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Analyzing Poetry. “Poetry is nearer to vital truth than history” (Plato) And Dr. Seuss uses it, too!. The ordinary form of spoken or written language, without metrical structure, as distinguished from poetry or verse.

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Analyzing Poetry

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    1. Analyzing Poetry “Poetry is nearer to vital truth than history” (Plato) And Dr. Seuss uses it, too!

    2. The ordinary form of spoken or written language, without metrical structure, as distinguished from poetry or verse. Prose is the form of written language that is not organized according to formal patterns of verse. It may have some sort of rhythm and some devices of repetition and balance, but these are not governed by regularly sustained formal arrangement. The significant unit is the sentence, not the line. Hence it is represented without line breaks in writing. Novels, short stories, articles, works of nonfiction Prose

    3. Poetry • The art of rhythmical composition, written or spoken, for exciting pleasure by beautiful, imaginative, or elevated thoughts. • Literary work in metrical form; verse. • Poetry is language spoken or written according to some pattern of recurrence that emphasizes relationships between words on the basis of sound as well as meaning. This pattern is almost always a rhythm or meter (regular pattern of sound units). This pattern may be supplemented by ornamentation such as rhyme or alliteration or both.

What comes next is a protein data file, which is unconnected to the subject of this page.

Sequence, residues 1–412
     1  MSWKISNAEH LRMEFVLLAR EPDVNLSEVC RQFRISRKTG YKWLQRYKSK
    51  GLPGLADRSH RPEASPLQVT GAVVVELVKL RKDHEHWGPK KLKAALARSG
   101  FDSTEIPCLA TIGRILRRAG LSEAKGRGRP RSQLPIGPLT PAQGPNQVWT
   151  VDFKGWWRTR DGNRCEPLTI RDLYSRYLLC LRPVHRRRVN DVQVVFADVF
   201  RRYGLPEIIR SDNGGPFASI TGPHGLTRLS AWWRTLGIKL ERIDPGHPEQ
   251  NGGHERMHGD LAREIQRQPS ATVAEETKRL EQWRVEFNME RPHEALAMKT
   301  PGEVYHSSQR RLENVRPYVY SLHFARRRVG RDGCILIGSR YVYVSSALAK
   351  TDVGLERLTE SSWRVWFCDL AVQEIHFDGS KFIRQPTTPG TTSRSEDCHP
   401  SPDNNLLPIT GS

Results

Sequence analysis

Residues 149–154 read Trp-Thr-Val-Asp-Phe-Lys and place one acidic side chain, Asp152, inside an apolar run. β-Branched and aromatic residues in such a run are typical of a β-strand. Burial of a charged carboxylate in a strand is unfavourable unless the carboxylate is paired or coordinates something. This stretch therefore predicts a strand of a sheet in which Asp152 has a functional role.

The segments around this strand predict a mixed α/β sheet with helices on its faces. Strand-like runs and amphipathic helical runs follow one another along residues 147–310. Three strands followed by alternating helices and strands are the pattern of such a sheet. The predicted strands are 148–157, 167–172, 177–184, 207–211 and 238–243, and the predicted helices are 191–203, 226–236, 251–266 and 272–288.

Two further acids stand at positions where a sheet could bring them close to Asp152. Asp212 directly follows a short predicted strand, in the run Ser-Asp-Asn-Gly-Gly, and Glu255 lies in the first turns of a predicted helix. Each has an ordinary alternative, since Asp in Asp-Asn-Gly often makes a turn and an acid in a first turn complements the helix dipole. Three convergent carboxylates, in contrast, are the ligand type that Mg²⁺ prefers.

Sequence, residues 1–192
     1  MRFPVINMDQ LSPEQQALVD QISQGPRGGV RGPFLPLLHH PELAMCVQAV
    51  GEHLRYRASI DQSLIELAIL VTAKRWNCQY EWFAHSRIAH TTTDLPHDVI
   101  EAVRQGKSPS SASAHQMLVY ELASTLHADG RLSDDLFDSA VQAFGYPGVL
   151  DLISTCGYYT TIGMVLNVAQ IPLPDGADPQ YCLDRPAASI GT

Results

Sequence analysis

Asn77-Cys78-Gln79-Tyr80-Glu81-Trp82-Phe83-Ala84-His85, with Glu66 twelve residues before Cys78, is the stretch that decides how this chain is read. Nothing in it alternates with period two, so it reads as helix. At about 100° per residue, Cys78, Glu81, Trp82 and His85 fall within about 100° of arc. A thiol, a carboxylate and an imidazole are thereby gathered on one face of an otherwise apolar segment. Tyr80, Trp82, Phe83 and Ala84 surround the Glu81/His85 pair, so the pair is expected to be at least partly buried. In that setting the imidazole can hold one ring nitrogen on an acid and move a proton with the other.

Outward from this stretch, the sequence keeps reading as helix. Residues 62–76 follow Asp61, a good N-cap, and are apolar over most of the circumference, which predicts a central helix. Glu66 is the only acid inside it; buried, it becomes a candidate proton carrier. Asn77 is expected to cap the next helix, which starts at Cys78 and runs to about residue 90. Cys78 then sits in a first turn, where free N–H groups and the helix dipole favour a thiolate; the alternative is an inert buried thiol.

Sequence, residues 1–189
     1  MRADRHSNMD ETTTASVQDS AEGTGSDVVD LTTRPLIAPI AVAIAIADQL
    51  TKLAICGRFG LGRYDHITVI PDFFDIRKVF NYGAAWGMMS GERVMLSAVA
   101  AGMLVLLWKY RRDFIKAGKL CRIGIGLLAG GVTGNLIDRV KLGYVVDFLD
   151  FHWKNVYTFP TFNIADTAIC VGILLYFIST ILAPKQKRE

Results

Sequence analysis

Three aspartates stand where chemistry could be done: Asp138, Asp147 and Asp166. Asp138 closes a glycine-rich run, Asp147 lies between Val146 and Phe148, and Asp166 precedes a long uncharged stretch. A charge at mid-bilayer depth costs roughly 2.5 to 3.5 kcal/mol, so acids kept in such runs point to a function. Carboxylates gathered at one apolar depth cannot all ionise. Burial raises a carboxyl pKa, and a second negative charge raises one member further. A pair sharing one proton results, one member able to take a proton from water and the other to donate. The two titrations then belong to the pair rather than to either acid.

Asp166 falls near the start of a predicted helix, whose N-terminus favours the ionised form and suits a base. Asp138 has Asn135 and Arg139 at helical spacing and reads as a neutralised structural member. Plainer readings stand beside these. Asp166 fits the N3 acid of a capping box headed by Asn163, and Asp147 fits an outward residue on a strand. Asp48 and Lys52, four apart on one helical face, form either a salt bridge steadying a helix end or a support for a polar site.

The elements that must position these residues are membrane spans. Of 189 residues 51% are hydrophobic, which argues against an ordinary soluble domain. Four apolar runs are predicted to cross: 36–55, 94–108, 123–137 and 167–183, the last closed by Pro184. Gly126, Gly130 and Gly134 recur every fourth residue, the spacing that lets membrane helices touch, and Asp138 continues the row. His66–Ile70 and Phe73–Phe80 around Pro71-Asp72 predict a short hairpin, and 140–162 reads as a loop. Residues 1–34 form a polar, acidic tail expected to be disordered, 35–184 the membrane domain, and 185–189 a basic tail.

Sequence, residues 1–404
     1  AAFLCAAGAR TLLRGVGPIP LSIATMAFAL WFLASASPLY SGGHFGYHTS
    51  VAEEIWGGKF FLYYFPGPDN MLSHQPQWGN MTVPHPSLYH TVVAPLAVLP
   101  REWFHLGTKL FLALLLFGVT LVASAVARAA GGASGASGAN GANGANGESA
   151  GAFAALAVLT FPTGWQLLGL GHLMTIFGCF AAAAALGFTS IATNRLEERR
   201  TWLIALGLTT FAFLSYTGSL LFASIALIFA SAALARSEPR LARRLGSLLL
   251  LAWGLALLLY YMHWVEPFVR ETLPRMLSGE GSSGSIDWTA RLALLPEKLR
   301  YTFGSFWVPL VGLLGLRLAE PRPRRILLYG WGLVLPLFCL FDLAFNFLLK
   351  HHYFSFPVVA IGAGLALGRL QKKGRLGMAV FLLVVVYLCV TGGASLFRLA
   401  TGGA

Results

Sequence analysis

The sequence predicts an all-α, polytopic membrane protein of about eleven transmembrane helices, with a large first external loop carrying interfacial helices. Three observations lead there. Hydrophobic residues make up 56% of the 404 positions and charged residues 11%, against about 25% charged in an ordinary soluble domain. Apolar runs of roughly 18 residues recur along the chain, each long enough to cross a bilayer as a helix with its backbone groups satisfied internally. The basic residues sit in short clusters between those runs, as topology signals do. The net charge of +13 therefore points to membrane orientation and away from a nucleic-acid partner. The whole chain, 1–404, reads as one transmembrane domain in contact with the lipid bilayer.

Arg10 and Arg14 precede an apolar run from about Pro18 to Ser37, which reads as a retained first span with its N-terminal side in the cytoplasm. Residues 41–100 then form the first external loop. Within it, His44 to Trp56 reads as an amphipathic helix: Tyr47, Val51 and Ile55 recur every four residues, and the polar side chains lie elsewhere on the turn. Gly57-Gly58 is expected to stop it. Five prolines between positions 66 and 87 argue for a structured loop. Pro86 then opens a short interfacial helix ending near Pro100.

4. Poetry project due April 21 • This partner-optional project will challenge you to use both your left and right sides of the brain. The left side, which is analytical, tends to see sequences, causes and effects, and differences. The right side, however, looks for patterns, emotions, images, analogies, and pictures. • For this assignment, you will select a poem that is 12-30 lines long from On a sheet of tag board, you will arrange the poem and poet in the center and arrange the right- and left-brain parts around it. • The project will be worth 50 points. Please refer to the below rubric as you construct your project. The assignment is due Thursday, April 21, in the library (do not bring it to 259 on that day).

    5. Left-Brain Components • Left-brain components include the following: an analysis of the poem (see sample on page 7 and TP-CASTT explanation in packet), five key facts about the poet that are phrases IN YOUR OWN WORDS (give credit for this information) and three defined words (more credit). Submit all three parts to